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Everything You Need To Know About Houseplants w/ Audrey d'Erneville

Audrey d'Erneville in her Los Angeles at-home creative studio.

She's part illustrator, painter, graphic designer, nail artist, textile designer, and finally, plant mom. Audrey d'Erneville has made a creative life for herself, so it's no wonder when it came to plants, she integrated her green friends into her colorful at-home studio. From trial and error, including being away from her houseplants for a month, she developed a green thumb and makes growing your own indoor jungle look easy. Just on time for Earth Day, Audrey tells us how to achieve healthy and happy houseplants in your home, even if you're a first timer.



1. Mister: for misting (not watering) your plants

2. Pot with drainage hole(s): this prevents water from staying trapped inside of the soil

3. Sustee Aqua Meter: this monitors the soil's humidity and lets you know when it's time to water your plant

4. Pinch Provisions Plant Lady Kit: gardening essentials to get you started

5. Plant “tape” from The Home Depot: this tape helps keep your plants from drooping and maintain stability


monstera deliciosa plant


Origin: Tropical forests of southern Mexico

Pros: Low Maintenance / Grows big and beautiful leaves / Easy to propagate

Cons: Toxic to animals / Needs lots of space / Needs medium to bright indirect light

pilea plant


Origin: China

Pros: Low Maintenance / Grows fast and multiplies quickly / Perfect to propagate

Cons: Sensitive to overwatering / Needs to be rotated often / Needs bright indirect light

snake plant


Origin: Tropical West Africa

Pros: Air purifier / Very low Maintenance / Will survive in low light

Cons: Can easily rot if overwatered / Less esthetically pleasing / Slow grower


How do you prevent tiny bugs or gnats from swarming your indoor plants?

Choose plants suited for your lighting conditions. Plants that are “stressed” in unfavorable light conditions will be more sensitive to insect infestation.
Make sure your plants are drained well. All your plants should be in pots with drainage holes and left to properly dry after being watered, as poorly drained soil can saturate the roots and make the plant more susceptible to infestations.

My houseplant keeps losing leaves, what does that mean?

Leaves can fall for many reasons including environmental stress, pests, and disease. However, the most common causes I’ve experienced have been from either moving the plants, repotting them, or right after getting a new plant. They can suffer from a change in temperature, light or from being moved around too much while repotting.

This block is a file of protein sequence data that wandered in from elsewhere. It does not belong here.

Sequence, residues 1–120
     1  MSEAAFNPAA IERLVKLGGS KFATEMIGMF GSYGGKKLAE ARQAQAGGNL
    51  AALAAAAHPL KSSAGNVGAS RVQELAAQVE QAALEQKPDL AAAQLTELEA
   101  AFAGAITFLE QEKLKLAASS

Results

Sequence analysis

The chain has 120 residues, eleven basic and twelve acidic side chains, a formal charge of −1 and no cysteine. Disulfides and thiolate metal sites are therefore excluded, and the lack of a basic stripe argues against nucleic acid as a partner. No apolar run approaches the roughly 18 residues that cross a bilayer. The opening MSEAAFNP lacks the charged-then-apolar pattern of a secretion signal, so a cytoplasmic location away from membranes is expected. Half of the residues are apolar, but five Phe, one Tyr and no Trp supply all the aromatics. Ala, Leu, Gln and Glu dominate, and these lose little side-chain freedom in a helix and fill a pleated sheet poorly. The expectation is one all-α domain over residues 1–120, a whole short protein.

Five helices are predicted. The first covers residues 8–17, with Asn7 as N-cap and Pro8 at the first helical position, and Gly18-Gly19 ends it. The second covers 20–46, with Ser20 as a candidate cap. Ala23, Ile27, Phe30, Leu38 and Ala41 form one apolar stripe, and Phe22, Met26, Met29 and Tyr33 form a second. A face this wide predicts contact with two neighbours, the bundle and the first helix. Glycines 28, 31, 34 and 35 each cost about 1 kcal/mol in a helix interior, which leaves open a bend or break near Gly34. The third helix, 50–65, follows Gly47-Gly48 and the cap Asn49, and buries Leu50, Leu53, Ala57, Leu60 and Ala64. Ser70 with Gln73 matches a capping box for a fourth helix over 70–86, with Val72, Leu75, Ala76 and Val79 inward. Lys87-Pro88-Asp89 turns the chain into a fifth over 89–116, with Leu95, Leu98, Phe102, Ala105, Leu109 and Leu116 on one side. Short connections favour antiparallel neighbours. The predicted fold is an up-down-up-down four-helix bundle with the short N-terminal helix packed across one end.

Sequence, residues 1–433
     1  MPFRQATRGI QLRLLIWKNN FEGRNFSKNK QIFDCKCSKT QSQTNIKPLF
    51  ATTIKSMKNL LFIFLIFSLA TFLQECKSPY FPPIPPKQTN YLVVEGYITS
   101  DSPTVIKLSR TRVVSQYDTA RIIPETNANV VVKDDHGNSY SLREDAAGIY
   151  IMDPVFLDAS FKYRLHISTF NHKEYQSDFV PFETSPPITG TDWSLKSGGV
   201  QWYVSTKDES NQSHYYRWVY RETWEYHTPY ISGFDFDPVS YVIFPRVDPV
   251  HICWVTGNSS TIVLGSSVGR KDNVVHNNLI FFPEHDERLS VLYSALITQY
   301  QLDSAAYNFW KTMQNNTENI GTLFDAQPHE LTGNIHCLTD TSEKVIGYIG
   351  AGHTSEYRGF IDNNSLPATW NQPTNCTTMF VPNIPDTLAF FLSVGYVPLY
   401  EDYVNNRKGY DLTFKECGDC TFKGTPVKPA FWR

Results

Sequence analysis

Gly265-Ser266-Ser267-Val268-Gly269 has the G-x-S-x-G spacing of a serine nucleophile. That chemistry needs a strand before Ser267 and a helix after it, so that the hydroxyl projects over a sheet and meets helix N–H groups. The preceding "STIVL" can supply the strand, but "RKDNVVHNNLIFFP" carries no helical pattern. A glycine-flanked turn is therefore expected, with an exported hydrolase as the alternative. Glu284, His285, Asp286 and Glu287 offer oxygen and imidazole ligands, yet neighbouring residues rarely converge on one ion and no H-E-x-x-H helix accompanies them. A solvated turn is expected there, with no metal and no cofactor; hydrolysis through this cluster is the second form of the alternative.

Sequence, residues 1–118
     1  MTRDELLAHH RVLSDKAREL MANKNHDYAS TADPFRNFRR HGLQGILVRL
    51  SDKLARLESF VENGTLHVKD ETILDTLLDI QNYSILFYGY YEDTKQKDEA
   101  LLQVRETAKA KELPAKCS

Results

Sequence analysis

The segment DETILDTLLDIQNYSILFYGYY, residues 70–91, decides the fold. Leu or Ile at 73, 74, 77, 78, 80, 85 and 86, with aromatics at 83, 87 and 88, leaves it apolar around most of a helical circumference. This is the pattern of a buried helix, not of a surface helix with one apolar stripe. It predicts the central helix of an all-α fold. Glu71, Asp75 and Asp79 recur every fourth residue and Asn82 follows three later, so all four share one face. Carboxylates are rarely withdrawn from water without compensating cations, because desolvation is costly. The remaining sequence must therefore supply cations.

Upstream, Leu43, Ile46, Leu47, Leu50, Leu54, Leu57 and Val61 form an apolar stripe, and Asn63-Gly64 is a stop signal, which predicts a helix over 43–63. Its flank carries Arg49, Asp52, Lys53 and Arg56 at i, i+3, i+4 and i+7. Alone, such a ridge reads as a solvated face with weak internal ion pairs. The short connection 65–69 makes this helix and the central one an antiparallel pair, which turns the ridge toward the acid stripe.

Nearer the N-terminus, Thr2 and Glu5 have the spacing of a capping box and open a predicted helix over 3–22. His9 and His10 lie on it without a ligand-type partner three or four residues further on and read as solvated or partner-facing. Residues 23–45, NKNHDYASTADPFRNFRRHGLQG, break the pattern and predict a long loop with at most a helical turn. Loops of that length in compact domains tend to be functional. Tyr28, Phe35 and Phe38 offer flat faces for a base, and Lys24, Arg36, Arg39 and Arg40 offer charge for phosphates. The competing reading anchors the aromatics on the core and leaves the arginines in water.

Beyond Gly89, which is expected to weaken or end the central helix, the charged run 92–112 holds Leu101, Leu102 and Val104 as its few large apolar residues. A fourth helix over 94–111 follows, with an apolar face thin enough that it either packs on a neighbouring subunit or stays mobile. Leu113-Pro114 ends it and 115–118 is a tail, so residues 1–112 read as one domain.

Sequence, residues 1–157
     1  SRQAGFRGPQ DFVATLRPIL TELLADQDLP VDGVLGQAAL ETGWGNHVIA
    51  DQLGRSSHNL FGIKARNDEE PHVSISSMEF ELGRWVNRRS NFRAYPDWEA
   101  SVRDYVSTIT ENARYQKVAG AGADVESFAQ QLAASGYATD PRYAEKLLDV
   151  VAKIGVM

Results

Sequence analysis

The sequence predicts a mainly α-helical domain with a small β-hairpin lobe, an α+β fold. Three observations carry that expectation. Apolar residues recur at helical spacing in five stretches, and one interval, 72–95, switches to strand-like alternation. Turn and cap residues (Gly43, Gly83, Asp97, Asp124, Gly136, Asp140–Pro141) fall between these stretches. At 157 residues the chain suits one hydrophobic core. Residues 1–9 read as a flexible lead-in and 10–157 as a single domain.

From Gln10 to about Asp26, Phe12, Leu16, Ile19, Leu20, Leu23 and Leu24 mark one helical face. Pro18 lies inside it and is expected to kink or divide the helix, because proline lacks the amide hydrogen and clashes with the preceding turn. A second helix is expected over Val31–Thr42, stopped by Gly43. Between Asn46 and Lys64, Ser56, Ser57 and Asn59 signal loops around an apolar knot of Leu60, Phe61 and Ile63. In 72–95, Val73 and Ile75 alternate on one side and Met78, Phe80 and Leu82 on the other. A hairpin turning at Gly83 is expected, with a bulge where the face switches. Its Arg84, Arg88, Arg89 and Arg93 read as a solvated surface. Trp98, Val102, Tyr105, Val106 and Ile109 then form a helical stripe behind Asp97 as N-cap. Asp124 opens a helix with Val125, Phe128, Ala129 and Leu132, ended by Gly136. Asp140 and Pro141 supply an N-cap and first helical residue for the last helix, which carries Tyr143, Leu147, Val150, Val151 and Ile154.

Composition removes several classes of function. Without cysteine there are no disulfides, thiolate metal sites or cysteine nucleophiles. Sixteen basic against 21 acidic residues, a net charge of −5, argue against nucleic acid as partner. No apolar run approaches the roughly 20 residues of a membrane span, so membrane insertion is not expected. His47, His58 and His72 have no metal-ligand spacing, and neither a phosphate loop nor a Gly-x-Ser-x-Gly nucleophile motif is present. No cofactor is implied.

If any of these situations apply, your plant will usually recover on its own and start growing again if you continue to take good care of it.
Leaves falling could also be a sign of overwatering or an overcrowded pot.
Audrey d'Erneville in her Los Angeles at-home creative studio.

Monstera plant in Audrey's at-home creative studio.


How often do you trim your plants?

Unless your plant is overgrowing its pot too quickly, you shouldn’t need to trim it too often. I usually just remove any dead/brown leaves whenever I see them and prune some overgrown branches if I feel like it’s starting to look messy.

When do you know it’s time to repot a plant? Is it always necessary?

  • You will know that your plant needs to be repotted if the roots start growing outside of your soil at the top, or the roots are growing out of the bottom of your pot. If your plant is root bound, or starts to be too heavy and is losing balance, it is also time for a bigger pot.
    Your plant will need adequate space to grow, so if you want a plant that can thrive and continue to get bigger then yes, it will be necessary to repot it at one point. However, that is usually only necessary every 1-2 years, as long as you make sure to at least double the size of the pot every time to repot it.


  • What does it mean if the leaves on my plants turn yellow?

  • Yellow leaves are usually a sign of either over watering or under watering. If you have a plant that has yellow leaves, stick your finger in the soil and check if it’s dry. If it is, remove the dead leaves and water it. If it still wet, make sure to completely let the soil dry before watering again.


  • Stick your finger or a chopstick into the soil. If it's still wet, don't water it. If it's dry, water it. The Sustee Aqua Meter is also a great tool to use to let you know when your plants are ready to be watered.
  • I also like to water my plants in my bathtub. I try to fit as many as I can so that I can water them all at once. I make sure the soil is wet from top to bottom, and then I let them drain for a couple of hours until they're dry and ready to go back into their pots.
Plants in bathtub to be watered in Audrey's at-home creative studio.

Plants in Audrey's at-home creative studio.
  • What does “rotating your plants” mean?

Your plants are attracted to the light and will tend to lean and grow towards it over time. If your light source is only coming from one side (which it usually is), rotating your plants periodically will help balance them and produce growth all around.

Do you have any tips and tricks to keep YOUR plants happy?

I make sure to mist my plants in the morning at least every 2 days to keep them humid and clean. Misting also helps to prevent some mite infestations. Gently wiping the leaves with a soft cloth or paper towel also helps with removing dust and keeping them shiny and happy.

Photos courtesy of Audrey d'Erneville.

Green Thumb Inspired

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